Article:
With the officialization of China’s most recent gaming-oriented law, gamers in China are left to watch as their gaming privileges (and, to an extent, their overall online freedom) are restricted.
The law entails a curfew for players under 18. No game activity is permitted between the hours of 10 p.m. and 8 a.m. There’s also now a time limit put in place; only 90 minutes of gaming are allowed on weekdays, and a maximum of three hours are permitted on weekends and holidays. Additionally, minors are limited on how much money they can spend on in-game purchases: kids from ages eight to sixteen can spend up to the Chinese equivalent of $28.50, and 16 through 18-year-olds can buy double that amount. Now, gamers are also required to input valid credentials and information to allow the government to track their screen time.
China recently instilled this law due to panic over the rise of the population’s nearsightedness, which has been blamed on cell phone and video game use. It has also been put in place to curb “video game addictions.” A representative in the Chinese news company Xinhua announced they believed gaming had a negative impact on children’s learning and physical health.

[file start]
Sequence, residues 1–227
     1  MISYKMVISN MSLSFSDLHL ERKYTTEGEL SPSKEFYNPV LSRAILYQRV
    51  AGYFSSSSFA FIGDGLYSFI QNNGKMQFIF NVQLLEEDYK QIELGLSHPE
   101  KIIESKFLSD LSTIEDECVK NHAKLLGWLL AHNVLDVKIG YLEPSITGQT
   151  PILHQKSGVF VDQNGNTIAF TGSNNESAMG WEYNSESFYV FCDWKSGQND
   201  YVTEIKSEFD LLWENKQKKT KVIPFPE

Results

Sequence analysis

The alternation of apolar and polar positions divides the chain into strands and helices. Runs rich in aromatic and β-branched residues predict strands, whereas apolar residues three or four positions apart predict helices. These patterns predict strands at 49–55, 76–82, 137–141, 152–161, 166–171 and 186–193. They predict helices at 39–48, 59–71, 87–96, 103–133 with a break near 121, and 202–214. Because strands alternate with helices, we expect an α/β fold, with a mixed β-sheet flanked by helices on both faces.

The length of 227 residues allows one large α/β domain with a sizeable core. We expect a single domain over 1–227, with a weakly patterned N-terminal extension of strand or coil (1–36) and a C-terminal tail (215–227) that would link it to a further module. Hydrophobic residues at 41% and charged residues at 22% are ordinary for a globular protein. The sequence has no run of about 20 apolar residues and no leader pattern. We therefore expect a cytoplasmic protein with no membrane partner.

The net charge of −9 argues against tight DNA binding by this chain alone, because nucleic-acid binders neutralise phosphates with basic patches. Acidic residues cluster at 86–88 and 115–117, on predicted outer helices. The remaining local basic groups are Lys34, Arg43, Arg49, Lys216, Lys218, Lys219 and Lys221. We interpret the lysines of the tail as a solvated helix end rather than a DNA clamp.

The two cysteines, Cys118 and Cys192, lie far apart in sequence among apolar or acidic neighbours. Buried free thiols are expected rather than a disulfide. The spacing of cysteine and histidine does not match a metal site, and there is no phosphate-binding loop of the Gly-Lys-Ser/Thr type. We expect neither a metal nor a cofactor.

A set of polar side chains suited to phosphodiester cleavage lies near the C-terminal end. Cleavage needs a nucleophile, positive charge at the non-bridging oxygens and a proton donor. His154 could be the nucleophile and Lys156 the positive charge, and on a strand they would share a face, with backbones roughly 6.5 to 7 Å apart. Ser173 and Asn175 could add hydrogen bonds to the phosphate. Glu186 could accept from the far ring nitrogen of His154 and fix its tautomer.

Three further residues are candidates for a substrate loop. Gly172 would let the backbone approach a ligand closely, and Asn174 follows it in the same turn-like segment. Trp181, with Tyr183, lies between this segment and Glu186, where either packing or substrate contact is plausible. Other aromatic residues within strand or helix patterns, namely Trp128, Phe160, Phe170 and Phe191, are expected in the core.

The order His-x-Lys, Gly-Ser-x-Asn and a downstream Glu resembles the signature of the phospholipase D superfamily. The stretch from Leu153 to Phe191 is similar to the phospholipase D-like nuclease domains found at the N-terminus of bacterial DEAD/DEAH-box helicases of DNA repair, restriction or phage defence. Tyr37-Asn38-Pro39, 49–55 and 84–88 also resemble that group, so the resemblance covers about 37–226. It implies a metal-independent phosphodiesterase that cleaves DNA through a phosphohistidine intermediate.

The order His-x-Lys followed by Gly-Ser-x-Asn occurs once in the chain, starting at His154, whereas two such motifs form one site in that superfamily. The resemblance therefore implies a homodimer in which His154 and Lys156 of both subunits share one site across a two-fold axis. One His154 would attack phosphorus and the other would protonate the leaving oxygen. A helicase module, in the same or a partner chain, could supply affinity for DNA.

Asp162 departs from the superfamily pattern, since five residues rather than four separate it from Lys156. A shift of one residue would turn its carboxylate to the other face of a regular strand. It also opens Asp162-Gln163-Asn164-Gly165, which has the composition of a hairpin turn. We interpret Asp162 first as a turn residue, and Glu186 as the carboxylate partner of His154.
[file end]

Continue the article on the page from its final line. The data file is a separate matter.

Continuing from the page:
“If that new law came to America, I’d be pretty upset,” said Jackson Montes, an eighth grader at McAuliffe Middle School. “I don’t think that there should be restrictions on video games… I don’t think the new law is [going to] be beneficial to students in China. Now kids are probably going to illegally try and access games.”
This new law isn’t the only law put in place to combat gaming in China. In 2017, there was a gaming law passed that prohibited the playing and distribution of games involving blood, gambling or sexual themes for all of China’s gaming population, including adults. In 2000, there was a law passed that banned the manufacturing and purchasing of consoles to play games on. The ban was lifted in 2015, after 15 straight years of zero foreign consoles in China.
“It’s crazy that the government has to put video gaming laws in place for kids and adults,” says Kyla Redmond, another eighth grader at McAuliffe. “It shouldn’t be the country’s responsibility to control other people’s kids or other adults.”